There are a lot of parallels between the society of this time period and today. Even though so much has changed, enough has stayed the same that chunks of this were really depressing. Like when men who worked in the plants that manufactured leaded gasoline began getting sick, going crazy, and dying, the owners of the plants blamed the men for not being able to handle the hard work (turns out it was the lead. Which they knew really early on). And most of us know the story of the Radium Girls who painted watch dials and died from radium poisoning after putting the tips of their paintbrushes in their mouths to make the brush pointy, a technique taught by their employers, who assured them that this was safe, then blamed the women when their jawbones and hipbones and femurs began crumbling. (It was all that promiscuous sex they were having, and not, you know, the fact that these women would glow in the dark when they went home.) There are a lot of stories like this in the book. It’s frightening, to be honest, because I kept wondering what’s being hidden from us today. (And I’m *not* a conspiracy theorist at all; there’s just enough disturbing historical content in here that it really freaked me out.)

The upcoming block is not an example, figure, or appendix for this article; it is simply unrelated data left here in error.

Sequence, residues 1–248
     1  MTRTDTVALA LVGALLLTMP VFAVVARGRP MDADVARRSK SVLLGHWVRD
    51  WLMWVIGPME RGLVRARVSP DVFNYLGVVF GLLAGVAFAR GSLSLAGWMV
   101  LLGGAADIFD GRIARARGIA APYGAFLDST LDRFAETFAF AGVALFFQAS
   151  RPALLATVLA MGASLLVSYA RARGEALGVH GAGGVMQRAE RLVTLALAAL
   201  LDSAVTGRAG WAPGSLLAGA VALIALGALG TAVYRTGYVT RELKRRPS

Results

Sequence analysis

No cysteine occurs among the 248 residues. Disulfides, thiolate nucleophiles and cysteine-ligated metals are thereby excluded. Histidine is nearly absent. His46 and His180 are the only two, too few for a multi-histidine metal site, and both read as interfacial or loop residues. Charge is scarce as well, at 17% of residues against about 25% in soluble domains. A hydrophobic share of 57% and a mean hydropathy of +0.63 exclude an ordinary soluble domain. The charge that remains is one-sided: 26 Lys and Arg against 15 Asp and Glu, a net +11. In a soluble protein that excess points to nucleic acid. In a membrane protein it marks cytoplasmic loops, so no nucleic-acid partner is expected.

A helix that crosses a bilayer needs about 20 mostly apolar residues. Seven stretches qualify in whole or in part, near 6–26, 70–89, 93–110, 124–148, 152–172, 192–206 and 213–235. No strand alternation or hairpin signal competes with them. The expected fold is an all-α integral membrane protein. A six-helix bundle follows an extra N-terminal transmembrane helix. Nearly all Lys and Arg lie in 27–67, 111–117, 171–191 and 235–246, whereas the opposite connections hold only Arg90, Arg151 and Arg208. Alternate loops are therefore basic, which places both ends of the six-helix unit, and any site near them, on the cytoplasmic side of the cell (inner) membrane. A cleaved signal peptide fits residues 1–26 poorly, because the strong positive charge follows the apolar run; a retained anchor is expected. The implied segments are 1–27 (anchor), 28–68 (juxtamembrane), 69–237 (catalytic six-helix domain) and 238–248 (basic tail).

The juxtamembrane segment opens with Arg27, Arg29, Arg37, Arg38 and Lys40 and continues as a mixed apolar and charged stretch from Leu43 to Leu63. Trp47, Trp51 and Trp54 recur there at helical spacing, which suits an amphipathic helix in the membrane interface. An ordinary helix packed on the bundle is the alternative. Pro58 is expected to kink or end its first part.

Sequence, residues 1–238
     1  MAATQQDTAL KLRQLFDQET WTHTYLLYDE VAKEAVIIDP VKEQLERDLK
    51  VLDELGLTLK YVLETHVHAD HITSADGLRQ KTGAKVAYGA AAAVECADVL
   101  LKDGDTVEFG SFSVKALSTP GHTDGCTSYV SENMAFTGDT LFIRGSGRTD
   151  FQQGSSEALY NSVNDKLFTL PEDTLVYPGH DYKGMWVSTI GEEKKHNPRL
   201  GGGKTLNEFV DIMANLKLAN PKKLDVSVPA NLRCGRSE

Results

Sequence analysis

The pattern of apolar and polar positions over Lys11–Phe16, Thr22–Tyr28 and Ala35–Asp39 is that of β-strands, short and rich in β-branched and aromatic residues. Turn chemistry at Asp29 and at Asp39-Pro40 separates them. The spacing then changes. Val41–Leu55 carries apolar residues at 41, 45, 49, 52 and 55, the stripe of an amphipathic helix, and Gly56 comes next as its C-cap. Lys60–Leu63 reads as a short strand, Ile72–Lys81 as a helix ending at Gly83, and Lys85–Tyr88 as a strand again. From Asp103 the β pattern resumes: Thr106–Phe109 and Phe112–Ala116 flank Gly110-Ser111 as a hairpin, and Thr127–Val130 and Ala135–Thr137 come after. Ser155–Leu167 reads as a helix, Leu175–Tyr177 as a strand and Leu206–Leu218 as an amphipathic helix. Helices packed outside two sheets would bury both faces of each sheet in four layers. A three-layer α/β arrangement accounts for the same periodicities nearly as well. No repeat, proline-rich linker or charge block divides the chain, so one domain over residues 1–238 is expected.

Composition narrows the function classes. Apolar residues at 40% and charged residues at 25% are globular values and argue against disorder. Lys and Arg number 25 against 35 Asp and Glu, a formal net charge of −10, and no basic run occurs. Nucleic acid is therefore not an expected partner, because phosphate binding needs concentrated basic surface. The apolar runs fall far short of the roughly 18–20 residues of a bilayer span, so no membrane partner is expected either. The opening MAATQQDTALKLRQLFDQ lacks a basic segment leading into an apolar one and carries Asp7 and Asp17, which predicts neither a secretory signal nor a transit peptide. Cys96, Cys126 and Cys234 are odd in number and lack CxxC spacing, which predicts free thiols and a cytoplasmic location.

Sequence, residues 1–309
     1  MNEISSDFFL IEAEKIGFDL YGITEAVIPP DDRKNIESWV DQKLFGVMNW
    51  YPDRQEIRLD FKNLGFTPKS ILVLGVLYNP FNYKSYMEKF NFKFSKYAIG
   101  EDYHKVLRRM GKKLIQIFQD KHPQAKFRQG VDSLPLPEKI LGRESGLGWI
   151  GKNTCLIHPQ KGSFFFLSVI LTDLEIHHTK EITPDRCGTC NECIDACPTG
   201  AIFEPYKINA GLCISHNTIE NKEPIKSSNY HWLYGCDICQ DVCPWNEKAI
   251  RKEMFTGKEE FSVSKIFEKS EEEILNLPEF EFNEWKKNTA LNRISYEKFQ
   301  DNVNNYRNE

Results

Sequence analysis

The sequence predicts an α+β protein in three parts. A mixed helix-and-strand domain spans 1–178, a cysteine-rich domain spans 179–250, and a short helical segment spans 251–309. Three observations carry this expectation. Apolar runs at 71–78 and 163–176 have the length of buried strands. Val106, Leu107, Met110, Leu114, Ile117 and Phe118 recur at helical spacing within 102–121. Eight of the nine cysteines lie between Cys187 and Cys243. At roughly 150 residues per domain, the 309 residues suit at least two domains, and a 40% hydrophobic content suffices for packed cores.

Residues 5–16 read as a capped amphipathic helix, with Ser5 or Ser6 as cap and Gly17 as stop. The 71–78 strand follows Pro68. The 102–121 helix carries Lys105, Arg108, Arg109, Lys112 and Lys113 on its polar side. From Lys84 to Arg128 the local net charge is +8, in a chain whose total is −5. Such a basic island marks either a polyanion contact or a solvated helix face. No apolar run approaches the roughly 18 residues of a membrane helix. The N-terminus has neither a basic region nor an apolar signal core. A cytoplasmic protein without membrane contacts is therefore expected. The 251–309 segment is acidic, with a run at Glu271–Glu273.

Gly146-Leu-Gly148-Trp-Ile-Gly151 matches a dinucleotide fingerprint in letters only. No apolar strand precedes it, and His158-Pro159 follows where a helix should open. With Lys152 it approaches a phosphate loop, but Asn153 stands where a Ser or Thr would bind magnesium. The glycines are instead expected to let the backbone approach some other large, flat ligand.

There are so many interesting stories in this book, ones I didn’t know and never learned about in school. Deborah Blum has written a book that made the 1920’s come alive in a way they never have for me before. The Poisoner’s Handbook is information-dense, but it’s information everyone interested in American history or the creation of forensic medicine should know and understand. If you like true crime, this should probably be on your list as well, since it’ll give you a better understanding of what it took to get to today’s lab procedures that pin down whodunnit with chemistry.

SUPER cool book! I didn’t expect to enjoy this one as much as I did.

Visit Deborah Blum’s website here.

Follow her on Twitter here.

nonfiction · television

Book Review: Sunny Days: Sesame Street, Mister Rogers, and the Children’s Television Revolution by David Kamp